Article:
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In our last post, minimalism was in. Today, it’s maximalism.

For all our minimalists out there, you might want to make yourself a cocktail and put on some smooth jazz because today we’re going to wax romantic about embracing excess in graphic design.

The world calls it maximalism. We call it one of our favorite trends of the year.

According to Wikipedia, maximalism in the arts is “a reaction against minimalism…an esthetic of excess and redundancy.”

Maximalists use lots of bold colors, patterns, textures, layers, repetition, detailed intricacies, serif fonts, luxury materials and even—God forbid!—ornamentation. Very little—if any—white space. This style even calls for mixing and matching diverse elements that wouldn’t be caught dead together in a minimalist’s design.

If minimalism whispers quietly, maximalism gets up and shouts from the tabletop.

For our minimalists out there, it might be time to take a drink now. You’re going to be all right. We don’t expect you to change, just to appreciate those who are different than you.  Let’s continue.

Maximalism in graphic design has its roots in the very beginnings of advertising. Trade cards originated in the 1700s, produced by craftsmen in the trades to promote their services. Their prevalence exploded with the advent of color lithography in the 1870s. In the Victorian era, they became a primary way to advertise not just services, but goods. In case you hadn’t noticed, the Victorians were rather fond of maximalism. This trade card from that era has all the hallmarks of this expressive style.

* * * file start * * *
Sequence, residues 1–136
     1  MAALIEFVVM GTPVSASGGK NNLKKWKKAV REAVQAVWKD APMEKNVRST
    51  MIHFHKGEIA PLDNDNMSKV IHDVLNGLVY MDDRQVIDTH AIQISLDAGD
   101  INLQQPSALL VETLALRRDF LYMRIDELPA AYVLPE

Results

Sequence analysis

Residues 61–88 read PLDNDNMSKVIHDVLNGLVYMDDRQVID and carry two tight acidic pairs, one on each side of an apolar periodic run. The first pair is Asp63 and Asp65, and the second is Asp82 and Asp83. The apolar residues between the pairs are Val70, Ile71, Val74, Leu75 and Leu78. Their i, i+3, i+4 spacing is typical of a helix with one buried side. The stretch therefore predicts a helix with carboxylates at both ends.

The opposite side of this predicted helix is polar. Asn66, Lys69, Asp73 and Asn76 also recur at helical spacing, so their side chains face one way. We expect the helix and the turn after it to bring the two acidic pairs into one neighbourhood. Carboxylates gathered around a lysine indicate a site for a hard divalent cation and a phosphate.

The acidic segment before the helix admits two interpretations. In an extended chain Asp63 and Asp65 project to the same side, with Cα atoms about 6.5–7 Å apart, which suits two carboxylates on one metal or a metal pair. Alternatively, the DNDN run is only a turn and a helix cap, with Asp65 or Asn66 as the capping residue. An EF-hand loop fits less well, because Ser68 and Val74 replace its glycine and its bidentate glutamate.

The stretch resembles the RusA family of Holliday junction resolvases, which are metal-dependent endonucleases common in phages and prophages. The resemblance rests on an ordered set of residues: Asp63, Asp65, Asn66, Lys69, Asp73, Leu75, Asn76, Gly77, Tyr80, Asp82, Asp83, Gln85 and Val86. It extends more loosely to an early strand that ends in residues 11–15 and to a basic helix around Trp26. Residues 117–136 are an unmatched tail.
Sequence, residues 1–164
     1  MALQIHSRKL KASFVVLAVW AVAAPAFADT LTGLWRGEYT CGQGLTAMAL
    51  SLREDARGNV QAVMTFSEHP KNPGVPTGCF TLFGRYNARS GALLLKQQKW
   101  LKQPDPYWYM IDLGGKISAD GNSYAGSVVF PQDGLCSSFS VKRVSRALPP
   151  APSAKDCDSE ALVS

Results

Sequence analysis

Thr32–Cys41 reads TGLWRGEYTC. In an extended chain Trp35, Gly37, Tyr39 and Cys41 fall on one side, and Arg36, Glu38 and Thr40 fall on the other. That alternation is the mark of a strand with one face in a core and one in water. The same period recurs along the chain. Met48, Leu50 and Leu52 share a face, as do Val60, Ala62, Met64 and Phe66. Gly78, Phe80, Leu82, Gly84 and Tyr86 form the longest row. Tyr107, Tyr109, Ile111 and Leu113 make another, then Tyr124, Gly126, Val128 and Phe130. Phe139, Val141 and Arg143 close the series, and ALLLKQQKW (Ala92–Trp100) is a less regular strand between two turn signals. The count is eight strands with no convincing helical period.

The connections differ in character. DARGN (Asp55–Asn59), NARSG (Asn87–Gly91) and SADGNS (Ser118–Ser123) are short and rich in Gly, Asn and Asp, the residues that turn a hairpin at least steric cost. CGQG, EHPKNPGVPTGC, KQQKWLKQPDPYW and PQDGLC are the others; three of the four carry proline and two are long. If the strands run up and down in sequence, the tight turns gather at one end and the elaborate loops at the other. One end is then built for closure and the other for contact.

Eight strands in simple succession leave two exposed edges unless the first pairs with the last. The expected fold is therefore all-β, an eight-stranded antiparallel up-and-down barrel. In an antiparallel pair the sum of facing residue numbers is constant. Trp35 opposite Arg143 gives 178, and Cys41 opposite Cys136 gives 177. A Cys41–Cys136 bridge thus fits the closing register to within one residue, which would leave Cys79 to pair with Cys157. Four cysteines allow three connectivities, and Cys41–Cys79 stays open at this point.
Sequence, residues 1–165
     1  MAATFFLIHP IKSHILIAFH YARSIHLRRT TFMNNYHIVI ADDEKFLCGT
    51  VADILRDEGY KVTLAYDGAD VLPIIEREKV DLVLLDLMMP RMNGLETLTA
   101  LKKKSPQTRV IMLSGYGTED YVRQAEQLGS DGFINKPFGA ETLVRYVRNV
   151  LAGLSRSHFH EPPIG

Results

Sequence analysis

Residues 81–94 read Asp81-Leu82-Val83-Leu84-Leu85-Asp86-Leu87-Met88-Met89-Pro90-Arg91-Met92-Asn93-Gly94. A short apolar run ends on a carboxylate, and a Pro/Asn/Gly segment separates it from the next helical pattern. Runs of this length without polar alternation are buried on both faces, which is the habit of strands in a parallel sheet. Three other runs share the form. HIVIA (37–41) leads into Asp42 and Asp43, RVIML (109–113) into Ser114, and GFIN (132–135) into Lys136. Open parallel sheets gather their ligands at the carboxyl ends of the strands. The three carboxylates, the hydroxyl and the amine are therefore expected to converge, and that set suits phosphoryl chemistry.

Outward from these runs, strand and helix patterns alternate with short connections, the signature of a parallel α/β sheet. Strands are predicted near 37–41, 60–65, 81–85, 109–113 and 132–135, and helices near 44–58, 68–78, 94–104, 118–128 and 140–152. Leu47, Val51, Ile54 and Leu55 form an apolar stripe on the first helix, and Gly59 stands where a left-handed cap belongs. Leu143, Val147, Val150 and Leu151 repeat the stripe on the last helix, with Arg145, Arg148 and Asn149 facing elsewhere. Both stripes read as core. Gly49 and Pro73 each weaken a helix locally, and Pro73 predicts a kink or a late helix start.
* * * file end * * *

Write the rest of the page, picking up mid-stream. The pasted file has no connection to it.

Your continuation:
Thanks to MetroNova Creative, you can see more of these wonderful little pieces of commercial art here.

Some might say maximalism is a symptom of what Italian art critic Mario Praz called “horror vacui”—a fear of empty space. (While that may be true, we think Mario was probably a minimalist at heart.) This filling of empty space has influenced artists from the scribes of ancient monasteries to modern graphic designers today.

Today, that horror/desire is heavily influencing trends in fashion and interior design, as well as graphic design.

Quoted in Fast Company, David Alhadeff, founder of the design gallery and retail store The Future Perfect, said “There’s been more widespread acceptance of eclecticism in interior design and mixing periods and styles certainly trains the eye to appreciate maximalism.”

He credits in part a healthy economy to this more-is-more ideal. “When the economy feels bubbly and high, the appreciation and consumption of the wild and crazy goes up accordingly.”